“Straight out of high school, I went on six-month tour of the United States,”  Rook said. “A buddy and I drove to Yellowstone, Oregon, California, Tijuana in Mexico, through Carlsbad Caverns, New Orleans, and Key West. We were gone six months, slept in the car and ate a lot of Spam. I came home to work in Monroe Falls, Ohio, and became friends with the head of service there. He took me under his wing in 1963. I moved up the ranks, sergeant to lieutenant to chief, then retired 21 years ago.”

Rook had built a new police department in Silver Lake, Ohio, growing from one room to taking over five or six garage bays. The community had affluence, and he’d handled many burglaries and accidents. Like officers in many small towns, Rook had to multitask and respond to all kinds of crimes. They also had raised two children, a son who works as a chef for the Portage Country Club in Akron, Ohio, and a daughter who works as a certified public accountant in Columbus, Ohio.

They enjoyed their home, but a bitter cold snap got them thinking. The Rooks realized together that they had no doubts that it was time to go south.

“Our last year in Ohio had record-breaking snow,” Pamela said. “It snowed 105 inches that year.”

They both share enthusiasm for organic gardening, so the longer growing season has been a bonus, too. They moved into the original house in their valley, on land that used to be part of Kennedy Vineyards, and started a good garden. They get most of their heritage seeds from the Patriot Supply Company, and Pamela has decided to plant the land with edible landscaping. Soil testing showed a need for more magnesium and nitrogen in the garden, so they have a special mix to help establish the newly turned garden and enhance the original one. They attended a four-week seminar at the Seventh Day Adventist Church that gave them a new perspective on food and how to grow a garden.

“Some people say since heritage seeds are not genetically modified, when you put up your peppers or cucumbers or whatever, you’re putting up food with more nutrition to it,” Pamela said. “Some people do squabble about it. Hybrids look pretty, but they have less nutrition.”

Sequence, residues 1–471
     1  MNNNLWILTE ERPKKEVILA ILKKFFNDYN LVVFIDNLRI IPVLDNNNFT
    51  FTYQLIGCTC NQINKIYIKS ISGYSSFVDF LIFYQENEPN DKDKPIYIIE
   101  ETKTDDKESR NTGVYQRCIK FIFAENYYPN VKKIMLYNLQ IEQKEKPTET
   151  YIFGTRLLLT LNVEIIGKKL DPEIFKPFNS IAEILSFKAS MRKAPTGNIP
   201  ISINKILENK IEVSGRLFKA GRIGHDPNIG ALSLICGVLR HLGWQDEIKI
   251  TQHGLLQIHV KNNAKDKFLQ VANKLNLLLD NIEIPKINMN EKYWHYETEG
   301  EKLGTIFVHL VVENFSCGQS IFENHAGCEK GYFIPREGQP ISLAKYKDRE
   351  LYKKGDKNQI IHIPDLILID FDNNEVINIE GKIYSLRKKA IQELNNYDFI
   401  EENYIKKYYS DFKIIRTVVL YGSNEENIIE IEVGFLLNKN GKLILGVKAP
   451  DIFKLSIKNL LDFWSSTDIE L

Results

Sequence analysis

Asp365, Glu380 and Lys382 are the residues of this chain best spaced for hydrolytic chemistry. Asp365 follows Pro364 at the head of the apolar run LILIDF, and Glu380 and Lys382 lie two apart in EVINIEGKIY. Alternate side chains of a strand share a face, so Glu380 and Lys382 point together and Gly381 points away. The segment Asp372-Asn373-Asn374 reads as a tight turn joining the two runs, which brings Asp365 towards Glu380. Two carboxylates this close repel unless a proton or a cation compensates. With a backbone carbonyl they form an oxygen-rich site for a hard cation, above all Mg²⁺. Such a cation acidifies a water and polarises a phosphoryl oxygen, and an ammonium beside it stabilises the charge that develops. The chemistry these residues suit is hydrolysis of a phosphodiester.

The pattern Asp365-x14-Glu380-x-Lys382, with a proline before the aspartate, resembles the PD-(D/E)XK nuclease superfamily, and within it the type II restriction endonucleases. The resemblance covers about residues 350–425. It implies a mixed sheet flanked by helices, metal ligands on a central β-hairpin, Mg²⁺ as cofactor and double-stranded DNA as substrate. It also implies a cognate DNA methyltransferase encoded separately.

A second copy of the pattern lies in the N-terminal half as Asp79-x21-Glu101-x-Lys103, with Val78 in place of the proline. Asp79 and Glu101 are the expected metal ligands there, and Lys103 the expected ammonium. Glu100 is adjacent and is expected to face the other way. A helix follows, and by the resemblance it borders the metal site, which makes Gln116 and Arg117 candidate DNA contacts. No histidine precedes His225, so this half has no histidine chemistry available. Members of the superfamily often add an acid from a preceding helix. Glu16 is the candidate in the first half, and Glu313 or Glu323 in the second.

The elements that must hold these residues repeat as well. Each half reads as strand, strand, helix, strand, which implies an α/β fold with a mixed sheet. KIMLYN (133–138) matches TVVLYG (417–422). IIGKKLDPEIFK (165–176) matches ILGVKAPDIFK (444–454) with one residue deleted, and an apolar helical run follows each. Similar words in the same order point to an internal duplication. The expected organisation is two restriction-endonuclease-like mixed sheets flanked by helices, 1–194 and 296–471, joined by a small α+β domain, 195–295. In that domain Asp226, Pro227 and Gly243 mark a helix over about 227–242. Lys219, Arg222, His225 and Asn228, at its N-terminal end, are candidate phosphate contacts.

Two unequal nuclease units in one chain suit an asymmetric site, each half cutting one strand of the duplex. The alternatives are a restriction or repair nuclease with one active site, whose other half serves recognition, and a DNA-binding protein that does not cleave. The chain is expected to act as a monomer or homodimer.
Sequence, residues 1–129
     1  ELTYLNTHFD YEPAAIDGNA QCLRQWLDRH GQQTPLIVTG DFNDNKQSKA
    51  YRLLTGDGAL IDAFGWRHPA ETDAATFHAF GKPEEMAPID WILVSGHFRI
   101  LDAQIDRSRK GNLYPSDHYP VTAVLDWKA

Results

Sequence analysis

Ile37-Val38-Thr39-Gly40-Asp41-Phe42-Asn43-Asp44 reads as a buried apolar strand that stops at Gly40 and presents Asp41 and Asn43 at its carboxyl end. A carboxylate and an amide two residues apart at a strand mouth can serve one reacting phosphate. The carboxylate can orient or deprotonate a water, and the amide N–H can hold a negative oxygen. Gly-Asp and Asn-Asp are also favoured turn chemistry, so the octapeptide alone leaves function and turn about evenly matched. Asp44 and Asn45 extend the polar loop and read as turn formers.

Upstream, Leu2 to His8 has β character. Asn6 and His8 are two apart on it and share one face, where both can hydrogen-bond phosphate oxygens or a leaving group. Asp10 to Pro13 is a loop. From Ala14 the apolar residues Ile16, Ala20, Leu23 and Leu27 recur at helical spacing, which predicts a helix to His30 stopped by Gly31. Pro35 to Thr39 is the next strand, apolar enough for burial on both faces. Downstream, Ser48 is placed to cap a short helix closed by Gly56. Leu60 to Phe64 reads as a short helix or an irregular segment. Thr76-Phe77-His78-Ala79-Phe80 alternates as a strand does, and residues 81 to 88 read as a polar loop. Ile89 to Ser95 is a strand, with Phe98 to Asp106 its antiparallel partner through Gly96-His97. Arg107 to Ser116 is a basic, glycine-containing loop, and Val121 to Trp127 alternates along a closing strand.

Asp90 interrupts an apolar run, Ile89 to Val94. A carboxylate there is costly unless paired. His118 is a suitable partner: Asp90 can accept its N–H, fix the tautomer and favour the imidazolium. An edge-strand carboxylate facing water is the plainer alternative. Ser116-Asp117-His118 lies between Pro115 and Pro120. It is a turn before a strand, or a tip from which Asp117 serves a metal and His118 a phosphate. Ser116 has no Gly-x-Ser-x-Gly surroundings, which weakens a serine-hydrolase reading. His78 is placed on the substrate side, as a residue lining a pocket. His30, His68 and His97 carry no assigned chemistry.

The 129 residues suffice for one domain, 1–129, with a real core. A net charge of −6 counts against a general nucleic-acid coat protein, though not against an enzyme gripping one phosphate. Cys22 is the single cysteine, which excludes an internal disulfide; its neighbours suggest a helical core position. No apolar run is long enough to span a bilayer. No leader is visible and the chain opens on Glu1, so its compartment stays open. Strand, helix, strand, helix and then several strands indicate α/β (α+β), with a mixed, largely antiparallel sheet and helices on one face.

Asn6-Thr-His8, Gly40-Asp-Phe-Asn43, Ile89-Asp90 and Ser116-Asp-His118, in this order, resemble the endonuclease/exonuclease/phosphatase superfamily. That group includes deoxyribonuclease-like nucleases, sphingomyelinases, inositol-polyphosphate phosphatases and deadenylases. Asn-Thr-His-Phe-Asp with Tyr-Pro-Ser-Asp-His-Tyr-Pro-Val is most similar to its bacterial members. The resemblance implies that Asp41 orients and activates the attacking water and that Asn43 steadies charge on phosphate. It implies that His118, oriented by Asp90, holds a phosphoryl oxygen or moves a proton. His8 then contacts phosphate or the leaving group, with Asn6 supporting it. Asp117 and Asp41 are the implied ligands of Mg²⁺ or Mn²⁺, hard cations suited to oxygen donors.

Rook saves their eggshells, crushing them up to add calcium to the garden bed. Their dog ignored that box of eggshells until some organic chicken eggs got put in here, and then she had to take a taste.

“Organic foods taste a little different, maybe better, but I think the dog’s nose definitely could tell which smelled better. The dog’s nose knows,” Pamela said. “There was a field test of hybrid and heritage field corn, with both put on a post, and the squirrels tried a few kernels off the top of the hybrid, but they ate all of that heritage corn. I believe in the squirrels and the dog.”

They have plans for even more blueberries, raspberries, and fruit trees. Rook cleared part of the land so they could put more edible landscaping there. In their basement, heat pads and grow lights help saved seeds get a good start in life, and Pamela plans to have a greenhouse in the near future.

Rook attributes his happiness to having Pamela in his life.

“She’s a good woman,” he said.

She added, “Peaceful people make peaceful homes.”

While Rook volunteers for many organizations during the days, Pamela works as a custodian and sometimes in the cafeteria at Sunny View Elementary School.

“I like working, but I’m looking forward to retirement,” she said. “Then I can spend more time here.”

They enjoy being together, being in this community, and being in their garden. Truth to tell, there’s nowhere else they really want to go.

“Tonight I might get in the hot tub,” Rook said. “We like to stay close to home.”